Rows: Avoid confrontation with your spouse by setting out your finances and priorities early on in marriage. *iStock photo
Rows: Avoid confrontation with your spouse by setting out your finances and priorities early on in marriage. *iStock photo

Do you argue with your partner about money? 

Studies done by relationship experts have revealed that seven in 10 couples believe financial problems and a lack of communication about finances push couples apart.

Studies also show that more than half of us cite financial frustration as the most common reason for a breakdown in a relationship.

Often, relationships are put under strain because partners do not talk about what they want to achieve with their money, or they fail to understand where the money goes.

Honesty

Any couple who make a commitment to a relationship need to have honest discussions around finances.

They need to establish expectations in matters such as having a family, enjoying regular holidays, buying cars and carrying out necessary home renovations. 

New couples especially need to be open and forthright about their individual viewpoint on living together — from making a decision on whether to rent or buy, to purchasing new furniture together or simply establishing a regular savings pattern.

Debt can be a deal-breaker for relationships, so be clear right from the start about managing your debt, especially credit card debt.

Also discuss how long you are both comfortable with having a mortgage and whether you both intend to make it a priority to pay it off sooner.

Investing the time to organise your finances and set realistic expectations and financial goals for the short and long-term should help to reduce the associated stress.

Couples need to be proactive when it comes to money matters.

As a couple, you should both have an idea of how financially stable you are.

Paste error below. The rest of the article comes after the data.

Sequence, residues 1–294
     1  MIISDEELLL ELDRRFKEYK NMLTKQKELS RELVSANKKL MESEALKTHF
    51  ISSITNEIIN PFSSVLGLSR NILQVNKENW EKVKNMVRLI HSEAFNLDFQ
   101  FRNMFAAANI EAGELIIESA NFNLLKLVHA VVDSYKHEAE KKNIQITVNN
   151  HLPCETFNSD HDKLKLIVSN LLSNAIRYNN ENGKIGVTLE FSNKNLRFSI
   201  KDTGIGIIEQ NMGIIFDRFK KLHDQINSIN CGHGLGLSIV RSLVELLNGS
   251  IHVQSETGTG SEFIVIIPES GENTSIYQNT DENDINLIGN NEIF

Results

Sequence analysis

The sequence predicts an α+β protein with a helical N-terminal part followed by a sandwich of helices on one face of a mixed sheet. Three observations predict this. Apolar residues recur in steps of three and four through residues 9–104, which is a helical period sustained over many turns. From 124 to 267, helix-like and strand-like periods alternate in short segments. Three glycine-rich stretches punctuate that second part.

In order to become successful at living together, both of you should agree on most of the decisions, particularly those regarding money management.

Top tips

  • Establish honesty: Who is the spender and who is the saver?
  • Establish roles: Who will do the day-to-day banking and who will do the investment? 
  • Establish communication: If you are having trouble with your role, talk about it.
  • Establish reviews: How often are you going to sit down as a couple and review your finances?
  • Establish timelines: What are your goals and when would you like to accomplish them?

Planning together is much more effective than only one of you handling the finances. 

The whole family will benefit from the effective strategies that you both develop. Remember — you’re a team.

Working with a professional to help you review and formalize a wealth approach could be a key element to achieving results.

Specifically, look at working with a financial planner who can create a financial plan with you.

Financial planning is a process of estimating current and future financial needs, and making plans to achieve them.

It is important that you stay in control of your monthly obligations and what you anticipate to be large financial outlays in the future. A financial plan can help with that.

Financial planning covers a wide range of important topics including budgeting, expenses, debts, savings, retirement planning and insurance, and how each of these areas are inter-related.

Sensitivity

Merging your finances is like a company merger that brings two big players together to form one larger organization. 

However, merging the finances of a couple involves a lot more emotional baggage and therefore needs a little more sensitivity.

In any relationship you are going to have the spender and the saver.

You are always going to have one partner placing more importance on a financial decision than the other, but that’s what makes life interesting.

There really is no right or wrong when it comes to merging finances. The most important element is communication.

Carla Seely is a senior wealth manager at AFL Investments. Contact her at 294-5712 or cseely@aflinvestments.bm.

Fairytale Weddings January 2012